“Underwater bags are an attractive option because the sea acts as the pressure vessel”
SEAMUS GARVEY, NOTTINGHAM UNIVERSITY
’The reason we do not store compressed air in pressure tanks at the surface is mainly cost,’ he explained. ’CAES has the potential to be the lowest-cost mass-energy store with costs per unit of energy stored in the order of £1/kWh-£10/kWh if you use nature to help you store the air.
Pumped hydro typically comes in above £50/kWh and most electrochemical stores are more like £500/kWh of capacity. Using surface pressure vessels to store the high-pressure air in a CAES system typically brings the costs similar to that of electrochemical storage.’
Designed and developed for Garvey’s project by Canadian firm Thin Red Line Aerospace, the bags use a butyl rubber bladder and a polyester-reinforced fabric for the outer surface. Special coated steel or aramid straps provide the main structural strength. At depths of around 600m, there will be enough pressure in one 20m-diameter bag to store around 70MW hours of energy. That’s around the same as 14 hours of energy generation from the largest offshore turbines currently in operation.
’From an engineering perspective, the exciting stuff happens when we think about energy storage as an integrated part of a system, rather than a bolt-on subsystem,’ said Garvey. ’Think about natural hydro power. Rain is the power source but you do not have to make electricity when it rains because the energy can be stored in an intermediate form and converted to electricity when it is needed’. Garvey says the same paradigm can be applied to offshore wind.
His research received a three-year grant from E.ON in 2008 and was recently boosted by another grant through the Research Fund for Coal and Steel as the potential for using mines to store compressed air is recognised. There are two small prototype Energy Bags undergoing trials in Nottingham and a further Energy Bag has been shipped from Canada to be put into the sea at the end of May.
By 2020, Garvey believes the UK should aim to install 200GWh of CAES, with a cost for the energy storage alone of between £0.2bn and £2bn depending on what compressed air stores are adopted. He believes a further sum of up to £10bn may be required for the associated energy conversion equipment. ’Without that kind of storage, the jobs that the government hopes will emerge around a wind-turbine engineering industry will be redundant again by 2021 as the grid struggles to remain stable,’ said Garvey.
As momentum picks up in CAES research, Garvey’s concept is gaining attention. It remains to be seen whether adiabatic compressed air energy storage will be viable, and whether Energy Bags are the right way forward. But without someone thinking outside the box, the concept of AA-CAES is likely to remain firmly on the drawing board.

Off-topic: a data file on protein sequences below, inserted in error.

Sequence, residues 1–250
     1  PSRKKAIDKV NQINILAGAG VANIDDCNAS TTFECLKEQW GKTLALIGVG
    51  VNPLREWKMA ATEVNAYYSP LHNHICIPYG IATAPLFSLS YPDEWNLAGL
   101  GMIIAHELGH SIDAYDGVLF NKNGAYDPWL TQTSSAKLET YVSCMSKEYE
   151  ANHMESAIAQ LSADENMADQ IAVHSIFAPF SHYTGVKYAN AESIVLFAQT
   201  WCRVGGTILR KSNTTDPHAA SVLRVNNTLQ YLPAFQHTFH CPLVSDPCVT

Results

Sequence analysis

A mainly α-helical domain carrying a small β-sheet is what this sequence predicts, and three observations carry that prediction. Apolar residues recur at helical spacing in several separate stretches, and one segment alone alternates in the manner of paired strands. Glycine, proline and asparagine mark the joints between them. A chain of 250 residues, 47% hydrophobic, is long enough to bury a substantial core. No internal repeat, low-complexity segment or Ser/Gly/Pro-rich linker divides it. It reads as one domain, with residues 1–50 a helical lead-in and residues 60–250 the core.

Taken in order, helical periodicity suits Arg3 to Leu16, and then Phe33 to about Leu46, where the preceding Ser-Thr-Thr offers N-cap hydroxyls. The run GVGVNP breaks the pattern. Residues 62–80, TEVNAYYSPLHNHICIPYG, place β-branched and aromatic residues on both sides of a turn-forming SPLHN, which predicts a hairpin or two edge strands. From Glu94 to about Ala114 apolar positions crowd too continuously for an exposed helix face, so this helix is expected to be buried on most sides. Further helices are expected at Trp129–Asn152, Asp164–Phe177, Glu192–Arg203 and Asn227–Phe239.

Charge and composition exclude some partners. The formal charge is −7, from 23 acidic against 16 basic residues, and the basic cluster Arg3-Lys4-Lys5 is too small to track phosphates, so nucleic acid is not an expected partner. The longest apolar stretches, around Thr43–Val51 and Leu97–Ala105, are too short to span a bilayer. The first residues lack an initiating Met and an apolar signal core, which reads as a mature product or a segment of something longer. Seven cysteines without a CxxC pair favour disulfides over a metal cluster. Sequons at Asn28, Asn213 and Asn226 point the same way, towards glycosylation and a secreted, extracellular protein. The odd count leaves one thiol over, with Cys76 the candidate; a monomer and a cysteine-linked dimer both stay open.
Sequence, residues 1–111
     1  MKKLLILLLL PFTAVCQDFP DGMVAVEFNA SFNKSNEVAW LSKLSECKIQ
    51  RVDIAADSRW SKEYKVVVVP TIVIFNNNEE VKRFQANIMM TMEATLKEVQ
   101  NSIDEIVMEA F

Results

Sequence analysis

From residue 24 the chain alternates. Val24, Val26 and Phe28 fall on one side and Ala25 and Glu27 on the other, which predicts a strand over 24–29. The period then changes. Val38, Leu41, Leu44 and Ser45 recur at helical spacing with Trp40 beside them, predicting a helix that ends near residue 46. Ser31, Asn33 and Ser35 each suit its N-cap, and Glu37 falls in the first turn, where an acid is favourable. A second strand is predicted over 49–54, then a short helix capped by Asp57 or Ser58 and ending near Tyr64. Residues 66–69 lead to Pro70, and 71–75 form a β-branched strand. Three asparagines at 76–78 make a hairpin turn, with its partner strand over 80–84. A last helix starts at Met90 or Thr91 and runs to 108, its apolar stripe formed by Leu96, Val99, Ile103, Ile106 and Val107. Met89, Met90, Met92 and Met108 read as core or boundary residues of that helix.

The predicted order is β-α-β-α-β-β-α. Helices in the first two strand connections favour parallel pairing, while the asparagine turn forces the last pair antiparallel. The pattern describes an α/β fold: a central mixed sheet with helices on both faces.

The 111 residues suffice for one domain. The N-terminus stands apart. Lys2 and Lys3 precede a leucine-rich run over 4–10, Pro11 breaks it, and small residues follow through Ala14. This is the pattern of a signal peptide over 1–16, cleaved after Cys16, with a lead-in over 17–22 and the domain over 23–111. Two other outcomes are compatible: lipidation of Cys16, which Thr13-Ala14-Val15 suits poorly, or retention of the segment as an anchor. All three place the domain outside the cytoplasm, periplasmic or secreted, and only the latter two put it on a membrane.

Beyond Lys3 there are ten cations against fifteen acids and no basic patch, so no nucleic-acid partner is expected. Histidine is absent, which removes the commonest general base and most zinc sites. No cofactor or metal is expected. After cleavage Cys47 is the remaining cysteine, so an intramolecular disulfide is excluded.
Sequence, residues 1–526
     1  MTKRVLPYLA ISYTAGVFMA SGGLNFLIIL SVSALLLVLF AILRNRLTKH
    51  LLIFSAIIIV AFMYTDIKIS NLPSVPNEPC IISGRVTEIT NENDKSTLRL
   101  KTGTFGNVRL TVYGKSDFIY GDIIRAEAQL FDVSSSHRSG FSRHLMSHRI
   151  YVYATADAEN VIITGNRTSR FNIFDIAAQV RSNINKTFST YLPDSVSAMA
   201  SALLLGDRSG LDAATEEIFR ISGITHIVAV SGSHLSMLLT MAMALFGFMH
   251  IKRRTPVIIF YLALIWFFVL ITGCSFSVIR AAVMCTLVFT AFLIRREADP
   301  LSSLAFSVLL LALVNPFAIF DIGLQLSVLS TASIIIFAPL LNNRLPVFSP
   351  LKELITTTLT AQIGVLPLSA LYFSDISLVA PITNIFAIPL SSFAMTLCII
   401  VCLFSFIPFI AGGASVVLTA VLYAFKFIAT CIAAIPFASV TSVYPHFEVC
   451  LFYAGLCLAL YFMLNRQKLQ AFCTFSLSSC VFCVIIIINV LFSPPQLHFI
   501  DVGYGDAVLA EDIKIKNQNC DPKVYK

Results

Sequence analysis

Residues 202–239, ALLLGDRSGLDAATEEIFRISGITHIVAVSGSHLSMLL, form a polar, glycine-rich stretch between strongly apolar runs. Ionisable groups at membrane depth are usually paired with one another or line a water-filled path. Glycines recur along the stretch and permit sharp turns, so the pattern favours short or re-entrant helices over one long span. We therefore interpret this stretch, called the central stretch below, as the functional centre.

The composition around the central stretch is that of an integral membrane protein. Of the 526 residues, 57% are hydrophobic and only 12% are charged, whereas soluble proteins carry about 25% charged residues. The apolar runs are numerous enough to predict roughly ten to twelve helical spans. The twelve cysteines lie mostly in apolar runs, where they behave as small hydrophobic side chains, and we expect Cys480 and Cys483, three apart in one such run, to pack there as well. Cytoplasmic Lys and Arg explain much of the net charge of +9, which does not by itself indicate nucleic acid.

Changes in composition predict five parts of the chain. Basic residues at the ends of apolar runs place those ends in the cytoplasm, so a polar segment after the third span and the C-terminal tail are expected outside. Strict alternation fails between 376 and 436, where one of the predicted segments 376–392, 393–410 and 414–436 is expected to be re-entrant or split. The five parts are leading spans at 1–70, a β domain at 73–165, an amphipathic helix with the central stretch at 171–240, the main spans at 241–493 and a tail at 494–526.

The use of salt caverns for CAES is expected to place in competition with natural gas storage and carbon capture and storage, where caverns close to energy sources are required.
Garvey admits while the use of salt caverns for CAES would be cheaper, his energy bags can be far more flexible in location.
‘In the UK, we don’t have a lot of very deep water close to shore. But interestingly, the places where that water is are the same places where the wind power is best. So there is a beautiful symmetry there between where you would like to collect your wind power and where you would like to store your compressed air.’
Garvey added that the west coast of America, north coast of Spain, west coast of Portugal and the entire Mediterranean would be ideal sites for his Energy Bags.
Other research - water works
Researchers across the world are looking at using undersea structures for compressed air storage. The concept of storing compressed air underwater has been appreciated in other research groups. Prof Richard Seymour from the Scripps Institute of Oceanography at University College San Diego advocates using rigid concrete structures on the sea bed in the nature of upturned cups to achieve constant pressure stores.
In Canada, Hydrostor also aims to deploy flexible air containments deep underwater although this time in lakes. The company plans to pump energy generated from wind turbines into marine salvage bags moored to the bottom of the ocean with granite slabs.
The energy bags, which are about the size of a bus, have a modular design and can be scaled up using 2MW generating units. It is said to be able to operate at an efficiency of more than 70 per cent without adding heat. A project to install 225 bags has been planned at a Lake Ontario offshore wind farm. In the meantime, Hydrostor has conducted tests of its energy bags at a pool at Windsor University.
Elsewhere, Dr Ole Hededal at the Technical University of Denmark also advocates the use of bags, but ones that can be inflated deep under sand. If the sand behaved similarly to a liquid, the pressure in these containments would also be fairly constant.